When 24-year old Hidekazu Nishikido got promoted at his staffing company, it bummed him out. Forget the spiffy title and the salary bump, the promotion obligated Mr. Nishikido to spend more time at work and this meant less time with his girlfriend. So he asked his bosses not to promote him anymore.
Mr. Nishikido’s behavior is not unusual in modern Japan, where young employees increasingly reject promotions so they can remain in positions that carry few responsibilities.
Until recently, the trend seemed unthinkable in a country where top companies enjoy hard-earned reputations for quality and glossy consumerism is a way of life. And it comes at a precarious time for Japan, since its aging population relies on young adults to maintain productivity and drive its economy.
Workforce experts call these workers hodo-hodo zoku, the “so-so folks,” but many choose their words more pointedly. “They’ll ruin Japan with their lax work ethic,” labor consultant Yukiko Takita told the Wall Street Journal. “They’re supposed to be the leaders of the next generation.”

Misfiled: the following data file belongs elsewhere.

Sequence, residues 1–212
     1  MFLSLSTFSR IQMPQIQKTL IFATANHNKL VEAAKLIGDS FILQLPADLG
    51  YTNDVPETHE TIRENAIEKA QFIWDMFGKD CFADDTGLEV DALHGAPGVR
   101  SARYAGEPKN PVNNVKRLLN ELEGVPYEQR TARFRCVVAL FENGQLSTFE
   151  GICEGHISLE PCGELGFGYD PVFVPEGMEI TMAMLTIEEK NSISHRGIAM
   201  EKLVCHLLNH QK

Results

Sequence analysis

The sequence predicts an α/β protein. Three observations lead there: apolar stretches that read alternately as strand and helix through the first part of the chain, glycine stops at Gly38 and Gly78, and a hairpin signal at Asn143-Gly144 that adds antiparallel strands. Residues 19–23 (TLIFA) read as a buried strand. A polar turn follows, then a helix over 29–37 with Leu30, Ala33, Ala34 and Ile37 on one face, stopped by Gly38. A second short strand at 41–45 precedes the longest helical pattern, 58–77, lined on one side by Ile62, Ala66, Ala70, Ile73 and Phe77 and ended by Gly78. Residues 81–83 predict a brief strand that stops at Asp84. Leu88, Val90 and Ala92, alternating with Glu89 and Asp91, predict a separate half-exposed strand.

What could cause such a phenomenon? Chiaki Arai, who has written extensively about hodo-hodo, believes it has roots in the nation’s economic woes of the last decade. During that painful downturn, young Japanese saw the dreams of older generations vaporize amid job cuts and corporate reorganizations. They became skeptical about the value of hard work and inclined towards short-term pleasures like a quiet night at home.
A happy irony of hodo-hodo is that women now have more opportunities to advance in Japanese companies, which are traditionally dominated by men. Nothing frays social customs so much as a down economy.